Surgical masks, N95, and KN95 masks should not be washed. Washing these masks will likely damage them and make them ineffective. Instead, the CDC recommends changing these masks when they are soiled, damaged, or difficult to breathe through. It may also be a good idea to dispose of the mask after a couple of uses and to avoid touching the outside of your mask when removing or reusing them.
Just like with adults, the CDC recommends wearing cloth face masks for children ages 2 and up. Such children should wear a mask over the nose and mouth in public unless they already have difficulty breathing without a mask or cannot remove the mask themselves. Babies under the age of 2 should not wear a mask because of their inability to remove the mask or express distress if they are having trouble breathing. Fabrics have the potential to suffocate if they are accidentally pressed too tightly against the nose and mouth and block those airways.
Young children may find it difficult to wear a mask properly, so it’s important to explain that wearing a mask is critical to protecting themselves and others from invisible germs. Your child may also be more inclined to wear their mask if the design features their interests, such as a cartoon character or a favorite color. Wearing a mask can be stressful for your child, so be creative when familiarizing them with mask-wearing and offer ample rewards and encouragement. Some experts suggest that having children practice putting masks on stuffed animals may reduce their anxiety about wearing a mask. If your child has trouble keeping her mask on for an extended period of time, make sure she can maintain a 6-foot distance from others and, at a minimum, is able to wear a mask in crowded areas or situations where social distancing is harder to maintain.
It’s important to find a securely-fitting mask for your child to reduce the frequency that they touch or readjust their mask, so here are some quick tips:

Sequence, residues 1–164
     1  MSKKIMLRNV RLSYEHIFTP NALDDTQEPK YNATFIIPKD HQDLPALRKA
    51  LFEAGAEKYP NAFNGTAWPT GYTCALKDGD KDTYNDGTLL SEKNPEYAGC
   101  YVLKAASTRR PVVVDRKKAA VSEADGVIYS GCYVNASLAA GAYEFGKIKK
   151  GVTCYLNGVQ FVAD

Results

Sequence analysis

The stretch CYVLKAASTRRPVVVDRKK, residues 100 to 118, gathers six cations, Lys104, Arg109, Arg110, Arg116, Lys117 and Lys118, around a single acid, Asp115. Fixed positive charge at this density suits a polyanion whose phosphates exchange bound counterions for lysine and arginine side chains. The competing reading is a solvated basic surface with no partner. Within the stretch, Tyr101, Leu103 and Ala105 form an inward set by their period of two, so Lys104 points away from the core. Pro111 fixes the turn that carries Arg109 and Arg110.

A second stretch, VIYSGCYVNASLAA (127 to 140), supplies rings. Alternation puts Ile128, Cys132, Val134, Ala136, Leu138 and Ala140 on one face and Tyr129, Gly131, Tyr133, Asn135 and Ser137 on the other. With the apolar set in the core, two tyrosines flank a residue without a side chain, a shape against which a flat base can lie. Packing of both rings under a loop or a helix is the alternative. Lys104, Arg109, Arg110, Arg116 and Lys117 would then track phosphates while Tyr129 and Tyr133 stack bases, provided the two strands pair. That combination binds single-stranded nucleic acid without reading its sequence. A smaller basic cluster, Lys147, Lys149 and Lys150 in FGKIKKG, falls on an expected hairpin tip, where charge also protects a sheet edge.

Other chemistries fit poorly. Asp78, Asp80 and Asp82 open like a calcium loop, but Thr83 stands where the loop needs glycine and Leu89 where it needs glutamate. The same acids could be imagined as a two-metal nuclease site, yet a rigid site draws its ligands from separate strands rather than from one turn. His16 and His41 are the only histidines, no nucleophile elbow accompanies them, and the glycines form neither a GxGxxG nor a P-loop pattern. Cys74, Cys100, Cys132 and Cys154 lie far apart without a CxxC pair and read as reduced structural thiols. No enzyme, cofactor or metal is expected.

- The American Academy of Pediatrics recommends pleated face masks with elastic ear loops for younger children as they may be easier to wear.
- The child’s mask should cover the nose and mouth with minimal gaps around the cheeks, nose, and chin.
- Some adult masks may be too large for small children, so purchase or make masks designed specially for children.
- You can adjust a loose mask by tying a small knot in the ear loops to reduce their length so that the mask sits snug against the face.
- Demonstrate to children the correct way to wear a mask so they can model your behavior.
- Like most habits, children will only grow accustomed to wearing a mask if you practice it as frequently as tolerable.
With many school districts opening up in the fall, it’s crucial that children wear masks when attending in-person classes at school, ensure that masks fit correctly, and have enough clean masks to wear during the week. The CDC recommends that face coverings be washed after each use, so prepare enough cloth masks for each day of the week that your child attends class in person.
Yes. A healthy person can get infected by coronavirus by exposure to respiratory droplets released by an infected person’s cough, sneeze, or breath. While the CDC’s recommendation to practice six feet of social distancing is designed to help you avoid contact with the largest of these respiratory droplets, smaller particles (known as aerosols) can travel much farther than 6 feet. In fact, researchers at MIT have observed that aerosols released from a cough or sneeze can travel up to 16 and 26 feet, respectively.
Although face masks help to reduce the spread of the coronavirus, it is still very important to practice current recommendations of social distancing, home quarantine, and proper hygiene and handwashing. To learn more about proper cleaning, check out our blog Spring Cleaning: Coronavirus Edition. Combining all of these precautions will help to minimize the spread of the virus.